Girls Who Code

Dallas tumbles in new ranking of best U.S. cities for women in tech

Dallas tumbles in new ranking of best U.S. cities for women in tech

Woman working at a computer
Bad news: The gender pay gap in tech is widening. Photo by Laurence Dutton/Getty Images

With Texas Instruments and several other big headquarters based here, Dallas has a reputation as a technology hub. But if you're a woman working in that industry, your paychecks may not be as lucrative as everyone thinks. And even worse news: the tech mecca is trending downward.

In the latest ranking from SmartAsset, Dallas landed 54th out of 59 among big cities in the United States for women in technology jobs. That's a slip of three spots from last year, and sadly it's on trend with the rest of the country, where national tech gender pay gap has widened.

In 2015, women working in computer and mathematical occupations were paid about 86.9 percent of what their male counterparts made. In 2018, the national gender pay gap in the tech industry was 83.1 percent, meaning that women's earnings relative to men's decreased by about 3.8 percent.

The study took into consideration four key factors: gender pay gap, income after housing, percentage of tech jobs filled by women, and four-year employment growth. Using data from the U.S. Census, SmartAsset only looked at cities with populations of 200,000 residents or more that had reliable data, which left the study with 59 cities across the country.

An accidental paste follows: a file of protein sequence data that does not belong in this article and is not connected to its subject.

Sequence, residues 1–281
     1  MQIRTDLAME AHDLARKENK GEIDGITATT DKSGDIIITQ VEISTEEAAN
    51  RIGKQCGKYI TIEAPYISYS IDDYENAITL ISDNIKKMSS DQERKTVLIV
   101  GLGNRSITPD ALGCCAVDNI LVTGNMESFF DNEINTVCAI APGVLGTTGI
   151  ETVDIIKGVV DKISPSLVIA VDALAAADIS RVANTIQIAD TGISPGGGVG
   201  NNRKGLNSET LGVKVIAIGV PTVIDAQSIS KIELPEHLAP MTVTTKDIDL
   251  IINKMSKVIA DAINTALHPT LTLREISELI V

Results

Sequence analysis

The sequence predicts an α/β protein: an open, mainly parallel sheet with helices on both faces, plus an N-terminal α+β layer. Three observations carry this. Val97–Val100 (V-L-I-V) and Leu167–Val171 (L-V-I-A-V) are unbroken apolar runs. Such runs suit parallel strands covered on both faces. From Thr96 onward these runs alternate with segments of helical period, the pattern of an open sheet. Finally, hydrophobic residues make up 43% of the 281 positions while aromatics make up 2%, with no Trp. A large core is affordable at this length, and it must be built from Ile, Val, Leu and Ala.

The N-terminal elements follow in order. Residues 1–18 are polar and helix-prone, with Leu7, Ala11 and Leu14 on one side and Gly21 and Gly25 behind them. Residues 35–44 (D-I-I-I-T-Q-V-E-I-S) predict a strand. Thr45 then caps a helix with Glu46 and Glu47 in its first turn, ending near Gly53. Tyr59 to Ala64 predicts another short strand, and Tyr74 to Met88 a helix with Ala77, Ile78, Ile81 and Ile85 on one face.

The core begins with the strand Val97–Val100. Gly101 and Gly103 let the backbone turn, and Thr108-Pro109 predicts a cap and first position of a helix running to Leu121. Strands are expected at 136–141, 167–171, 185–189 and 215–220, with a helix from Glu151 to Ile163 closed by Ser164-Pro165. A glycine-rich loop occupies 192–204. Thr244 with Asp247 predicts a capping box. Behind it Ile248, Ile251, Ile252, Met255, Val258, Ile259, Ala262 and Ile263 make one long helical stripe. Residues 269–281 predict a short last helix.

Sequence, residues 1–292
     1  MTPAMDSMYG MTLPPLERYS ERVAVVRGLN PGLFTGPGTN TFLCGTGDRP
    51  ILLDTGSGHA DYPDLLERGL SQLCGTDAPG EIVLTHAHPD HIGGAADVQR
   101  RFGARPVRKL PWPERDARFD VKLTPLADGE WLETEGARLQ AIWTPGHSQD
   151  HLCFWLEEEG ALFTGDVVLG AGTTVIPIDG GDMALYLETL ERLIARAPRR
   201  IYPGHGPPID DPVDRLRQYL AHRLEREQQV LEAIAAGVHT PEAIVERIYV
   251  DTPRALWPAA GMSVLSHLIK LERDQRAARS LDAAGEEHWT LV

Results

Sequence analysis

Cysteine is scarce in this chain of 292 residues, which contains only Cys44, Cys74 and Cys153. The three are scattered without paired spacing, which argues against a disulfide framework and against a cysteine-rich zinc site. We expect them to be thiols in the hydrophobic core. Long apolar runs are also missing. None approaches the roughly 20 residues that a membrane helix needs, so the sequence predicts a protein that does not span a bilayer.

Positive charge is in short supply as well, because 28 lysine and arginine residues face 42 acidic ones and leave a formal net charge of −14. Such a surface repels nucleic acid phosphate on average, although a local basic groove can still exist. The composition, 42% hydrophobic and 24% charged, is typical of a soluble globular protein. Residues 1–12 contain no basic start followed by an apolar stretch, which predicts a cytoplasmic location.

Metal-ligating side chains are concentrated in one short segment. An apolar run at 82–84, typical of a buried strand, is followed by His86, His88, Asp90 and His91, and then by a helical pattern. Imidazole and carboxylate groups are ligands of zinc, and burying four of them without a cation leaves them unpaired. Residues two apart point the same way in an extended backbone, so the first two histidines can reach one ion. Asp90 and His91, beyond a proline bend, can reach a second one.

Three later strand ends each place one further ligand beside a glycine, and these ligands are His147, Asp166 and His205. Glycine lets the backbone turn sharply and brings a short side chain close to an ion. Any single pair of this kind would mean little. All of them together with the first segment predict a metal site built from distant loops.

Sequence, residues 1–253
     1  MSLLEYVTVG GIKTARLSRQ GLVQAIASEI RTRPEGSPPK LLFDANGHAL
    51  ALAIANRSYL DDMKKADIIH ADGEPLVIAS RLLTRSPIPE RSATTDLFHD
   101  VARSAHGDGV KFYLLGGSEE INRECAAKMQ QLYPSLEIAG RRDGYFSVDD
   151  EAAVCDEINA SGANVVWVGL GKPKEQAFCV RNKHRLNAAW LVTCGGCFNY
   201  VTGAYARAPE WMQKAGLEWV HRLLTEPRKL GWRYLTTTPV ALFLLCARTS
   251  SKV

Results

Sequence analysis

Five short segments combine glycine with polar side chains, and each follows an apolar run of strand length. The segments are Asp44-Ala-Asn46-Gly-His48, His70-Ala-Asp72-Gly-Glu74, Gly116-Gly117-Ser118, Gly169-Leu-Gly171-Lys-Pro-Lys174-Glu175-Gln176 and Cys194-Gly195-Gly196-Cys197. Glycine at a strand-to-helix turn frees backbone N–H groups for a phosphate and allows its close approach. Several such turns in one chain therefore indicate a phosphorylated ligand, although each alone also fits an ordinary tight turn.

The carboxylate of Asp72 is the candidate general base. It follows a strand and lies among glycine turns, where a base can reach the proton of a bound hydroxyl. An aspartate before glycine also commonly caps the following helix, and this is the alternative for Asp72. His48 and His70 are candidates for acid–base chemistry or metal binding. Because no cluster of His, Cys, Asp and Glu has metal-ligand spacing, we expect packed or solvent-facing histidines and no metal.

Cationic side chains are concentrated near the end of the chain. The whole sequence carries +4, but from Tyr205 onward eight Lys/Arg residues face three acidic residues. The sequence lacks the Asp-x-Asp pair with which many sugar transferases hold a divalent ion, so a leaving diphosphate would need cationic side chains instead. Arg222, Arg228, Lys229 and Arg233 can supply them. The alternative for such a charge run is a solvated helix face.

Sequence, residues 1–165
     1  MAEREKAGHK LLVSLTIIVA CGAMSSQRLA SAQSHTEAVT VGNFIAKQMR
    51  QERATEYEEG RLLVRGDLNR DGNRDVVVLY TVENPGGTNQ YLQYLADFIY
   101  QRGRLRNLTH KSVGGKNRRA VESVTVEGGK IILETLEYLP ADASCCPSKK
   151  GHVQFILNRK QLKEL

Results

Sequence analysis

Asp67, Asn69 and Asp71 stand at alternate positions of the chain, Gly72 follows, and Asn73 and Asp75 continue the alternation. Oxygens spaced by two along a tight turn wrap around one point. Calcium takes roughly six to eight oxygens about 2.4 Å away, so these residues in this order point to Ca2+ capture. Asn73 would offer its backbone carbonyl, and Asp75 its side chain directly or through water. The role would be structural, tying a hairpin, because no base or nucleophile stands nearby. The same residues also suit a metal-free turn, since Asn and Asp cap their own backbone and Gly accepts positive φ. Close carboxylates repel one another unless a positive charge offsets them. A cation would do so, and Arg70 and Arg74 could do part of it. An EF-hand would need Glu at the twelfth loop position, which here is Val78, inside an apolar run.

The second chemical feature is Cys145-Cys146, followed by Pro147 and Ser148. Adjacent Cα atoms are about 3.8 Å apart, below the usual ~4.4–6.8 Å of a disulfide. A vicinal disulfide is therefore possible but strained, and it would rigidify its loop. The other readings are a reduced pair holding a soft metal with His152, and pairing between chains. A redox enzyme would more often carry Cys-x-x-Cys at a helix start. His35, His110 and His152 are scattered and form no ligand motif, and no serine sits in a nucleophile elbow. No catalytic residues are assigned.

The average female tech worker in Dallas has $43,444 left from her salary after paying for a home, and Dallas' wage gap between male and female workers was 77 percent, which is actually up 1 percent from last year. And, at 24.5 percent, Dallas has a pretty low percentage of women in tech positions.

Among Texas cities, Houston was tops, earning a spot at No. 6 nationwide — but that's also down two spots from the year before.

Houston's tech pay is still what stands out. The average female tech worker there has $64,464 left from her salary after paying for a home, and Houston ranks seventh overall in this metric. With a ratio of 99 percent, Houston's wage gap when it comes to tech jobs ranked the city No. 2 for smallest wage gap. However, at 25.8 percent, Houston also has a low percentage of women in tech positions.

Back in DFW, northern Dallas suburb Plano has a mediocre showing in a tie for 27th with New York City, of all places. Fort Worth landed at a respectable No. 17, the highest among all cities ranked in DFW.

The average female tech worker in Fort Worth has $52,623 left from her salary after housing costs. Fort Worth's wage gap has jumped to 92 percent. And women fill 25 percent of tech positions in the city.

Besides Plano with its high(er) salary but very low four-year projected tech growth (only 6 percent), one other DFW city made the list: Irving secured No. 39, the same spot it held last year.

Austin just misses the bottom 10 — specifically, 49th out of 59 — where the average female tech worker has $51,666 left from her salary after housing costs. Austin's wage gap is 82 percent, and women fill just 21.9 percent of tech positions there.

San Antonio was one spot above, tied with Kansas City, Missouri, for 38th place with a fairly low income of $43,451.

Which cities ranked highest? Baltimore; Washington, D.C.; and Arlington, Virginia topped the list. California's major tech players — such as San Francisco, San Jose and Oakland — all ranked in the middle of the pack or worse, with only Long Beach hitting the top 10 at No. 7.

And trailing Dallas at the bottom of the list were Raleigh, North Carolina; Madison, Wisconsin; Oklahoma City and Tulsa, Oklahoma; and Colorado Springs.

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